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Could urbanization, biodiversity be compatible?

Date:
August 14, 2014
Source:
INRA-France
Summary:
More than 900 species of wild bees are found in France, but many of them - such as bumblebees - are in decline. Researchers have carried out the first exhaustive study in Europe to evaluate the impact of urbanization on the wild bee community.
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More than 900 species of wild bees are found in France, but many of them -- such as bumblebees -- are in decline.

INRA scientists, working in collaboration with the naturalist association Arthropologia, have carried out the first exhaustive study in Europe to evaluate the impact of urbanization on the wild bee community.

They studied 24 more or less urbanized sites in and around Lyon and recorded 291 different bee species. Although bee abundance decreased with an increasing level of urbanization, the number of species present was at its peak in periurban areas, and 60 species -- a considerable number -- were found at the most urban site.

These findings are published in the open-access journal PLOS ONE on 13 August 2014.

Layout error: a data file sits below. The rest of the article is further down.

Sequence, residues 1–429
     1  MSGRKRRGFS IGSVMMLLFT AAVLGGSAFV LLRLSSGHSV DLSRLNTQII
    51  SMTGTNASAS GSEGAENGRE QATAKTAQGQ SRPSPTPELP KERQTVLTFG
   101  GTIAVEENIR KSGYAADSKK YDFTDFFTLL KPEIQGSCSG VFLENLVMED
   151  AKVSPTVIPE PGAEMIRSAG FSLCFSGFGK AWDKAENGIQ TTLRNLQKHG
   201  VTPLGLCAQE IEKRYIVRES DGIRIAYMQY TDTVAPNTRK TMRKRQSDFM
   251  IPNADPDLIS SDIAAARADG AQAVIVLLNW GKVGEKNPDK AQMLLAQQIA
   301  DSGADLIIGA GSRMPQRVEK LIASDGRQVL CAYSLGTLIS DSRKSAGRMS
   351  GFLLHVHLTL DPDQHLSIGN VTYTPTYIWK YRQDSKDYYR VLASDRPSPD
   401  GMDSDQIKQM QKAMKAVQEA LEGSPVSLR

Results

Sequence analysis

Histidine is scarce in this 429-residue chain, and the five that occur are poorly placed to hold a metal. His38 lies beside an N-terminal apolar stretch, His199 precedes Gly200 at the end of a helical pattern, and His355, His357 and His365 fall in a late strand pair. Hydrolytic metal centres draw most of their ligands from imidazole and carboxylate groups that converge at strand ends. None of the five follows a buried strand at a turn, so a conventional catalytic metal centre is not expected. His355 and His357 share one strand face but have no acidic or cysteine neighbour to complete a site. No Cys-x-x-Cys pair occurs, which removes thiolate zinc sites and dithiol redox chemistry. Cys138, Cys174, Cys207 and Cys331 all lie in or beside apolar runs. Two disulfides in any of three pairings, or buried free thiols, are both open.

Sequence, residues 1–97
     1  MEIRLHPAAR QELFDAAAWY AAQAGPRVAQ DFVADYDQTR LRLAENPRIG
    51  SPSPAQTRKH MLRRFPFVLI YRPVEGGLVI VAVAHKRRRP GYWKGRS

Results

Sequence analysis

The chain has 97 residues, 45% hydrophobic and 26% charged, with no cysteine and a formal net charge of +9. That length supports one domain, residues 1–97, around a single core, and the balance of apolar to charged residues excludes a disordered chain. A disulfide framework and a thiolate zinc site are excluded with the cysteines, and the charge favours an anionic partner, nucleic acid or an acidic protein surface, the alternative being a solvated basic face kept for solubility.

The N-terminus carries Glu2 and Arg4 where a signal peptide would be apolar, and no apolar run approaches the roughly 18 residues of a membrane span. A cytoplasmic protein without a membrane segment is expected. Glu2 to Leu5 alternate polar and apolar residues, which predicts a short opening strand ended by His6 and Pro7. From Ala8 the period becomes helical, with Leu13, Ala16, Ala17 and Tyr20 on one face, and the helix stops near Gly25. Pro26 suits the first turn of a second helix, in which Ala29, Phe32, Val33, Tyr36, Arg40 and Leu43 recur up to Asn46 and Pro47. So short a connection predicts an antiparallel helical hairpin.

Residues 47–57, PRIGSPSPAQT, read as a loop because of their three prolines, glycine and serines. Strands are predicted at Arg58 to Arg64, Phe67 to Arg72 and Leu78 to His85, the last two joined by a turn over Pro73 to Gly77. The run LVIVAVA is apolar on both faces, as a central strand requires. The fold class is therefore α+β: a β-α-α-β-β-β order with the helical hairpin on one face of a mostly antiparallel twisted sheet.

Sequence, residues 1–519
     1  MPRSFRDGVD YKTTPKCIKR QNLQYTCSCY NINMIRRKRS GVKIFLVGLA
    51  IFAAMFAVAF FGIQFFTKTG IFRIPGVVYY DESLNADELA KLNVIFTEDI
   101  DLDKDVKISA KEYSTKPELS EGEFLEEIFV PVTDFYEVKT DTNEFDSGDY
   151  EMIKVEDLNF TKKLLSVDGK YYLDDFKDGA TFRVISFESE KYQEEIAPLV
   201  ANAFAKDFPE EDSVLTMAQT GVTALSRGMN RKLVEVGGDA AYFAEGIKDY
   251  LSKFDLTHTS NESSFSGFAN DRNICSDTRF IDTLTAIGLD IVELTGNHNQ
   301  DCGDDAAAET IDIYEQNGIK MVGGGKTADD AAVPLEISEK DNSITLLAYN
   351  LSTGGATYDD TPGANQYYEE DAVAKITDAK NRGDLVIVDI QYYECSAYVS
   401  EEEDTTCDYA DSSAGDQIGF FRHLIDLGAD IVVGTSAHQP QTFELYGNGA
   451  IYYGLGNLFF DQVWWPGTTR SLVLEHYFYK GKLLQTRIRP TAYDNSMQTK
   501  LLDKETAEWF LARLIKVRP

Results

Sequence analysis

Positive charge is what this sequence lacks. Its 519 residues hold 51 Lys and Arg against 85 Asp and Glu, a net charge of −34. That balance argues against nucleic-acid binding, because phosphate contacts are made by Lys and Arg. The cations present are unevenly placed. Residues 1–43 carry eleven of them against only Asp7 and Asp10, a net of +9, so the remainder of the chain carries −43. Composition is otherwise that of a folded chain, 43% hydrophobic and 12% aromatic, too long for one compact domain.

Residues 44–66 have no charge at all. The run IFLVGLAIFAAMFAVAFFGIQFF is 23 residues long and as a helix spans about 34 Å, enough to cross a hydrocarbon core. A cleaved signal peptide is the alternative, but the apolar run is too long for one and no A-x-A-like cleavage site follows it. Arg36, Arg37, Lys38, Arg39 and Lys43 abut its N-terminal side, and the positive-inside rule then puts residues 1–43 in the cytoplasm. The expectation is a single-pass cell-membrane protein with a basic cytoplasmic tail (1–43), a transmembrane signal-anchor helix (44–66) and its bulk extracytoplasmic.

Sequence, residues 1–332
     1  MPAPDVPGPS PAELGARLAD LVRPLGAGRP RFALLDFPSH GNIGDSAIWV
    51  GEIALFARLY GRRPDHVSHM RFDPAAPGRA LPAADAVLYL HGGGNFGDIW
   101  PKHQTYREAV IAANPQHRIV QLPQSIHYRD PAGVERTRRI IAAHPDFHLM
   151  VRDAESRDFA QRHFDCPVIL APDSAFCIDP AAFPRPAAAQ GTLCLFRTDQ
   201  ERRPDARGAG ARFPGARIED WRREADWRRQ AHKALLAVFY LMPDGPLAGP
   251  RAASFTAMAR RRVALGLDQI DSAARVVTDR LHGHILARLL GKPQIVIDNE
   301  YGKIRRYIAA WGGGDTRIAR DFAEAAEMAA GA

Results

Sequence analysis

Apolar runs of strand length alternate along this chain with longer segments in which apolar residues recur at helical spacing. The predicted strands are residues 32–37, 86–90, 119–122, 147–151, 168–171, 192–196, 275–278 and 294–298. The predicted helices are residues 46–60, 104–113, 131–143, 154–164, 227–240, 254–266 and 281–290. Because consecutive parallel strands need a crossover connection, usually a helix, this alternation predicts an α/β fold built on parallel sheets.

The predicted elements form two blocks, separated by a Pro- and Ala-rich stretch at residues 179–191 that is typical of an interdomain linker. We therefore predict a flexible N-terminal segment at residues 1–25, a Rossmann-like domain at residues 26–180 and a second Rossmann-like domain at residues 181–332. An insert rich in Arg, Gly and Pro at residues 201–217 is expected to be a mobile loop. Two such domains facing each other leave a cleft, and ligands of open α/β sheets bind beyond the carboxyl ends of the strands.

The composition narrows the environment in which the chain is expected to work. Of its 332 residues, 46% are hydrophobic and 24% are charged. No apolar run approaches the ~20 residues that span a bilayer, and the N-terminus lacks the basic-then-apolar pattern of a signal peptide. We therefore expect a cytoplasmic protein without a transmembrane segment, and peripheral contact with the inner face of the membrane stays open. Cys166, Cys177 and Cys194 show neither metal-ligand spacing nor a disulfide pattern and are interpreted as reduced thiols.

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The above post is reprinted from materials provided by INRA-France. Note: Materials may be edited for content and length.


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INRA-France. "Could urbanization, biodiversity be compatible?." ScienceDaily. ScienceDaily, 14 August 2014. <www.sciencedaily.com/releases/2014/08/140814123842.htm>.
INRA-France. (2014, August 14). Could urbanization, biodiversity be compatible?. ScienceDaily. Retrieved August 3, 2015 from www.sciencedaily.com/releases/2014/08/140814123842.htm
INRA-France. "Could urbanization, biodiversity be compatible?." ScienceDaily. www.sciencedaily.com/releases/2014/08/140814123842.htm (accessed August 3, 2015).

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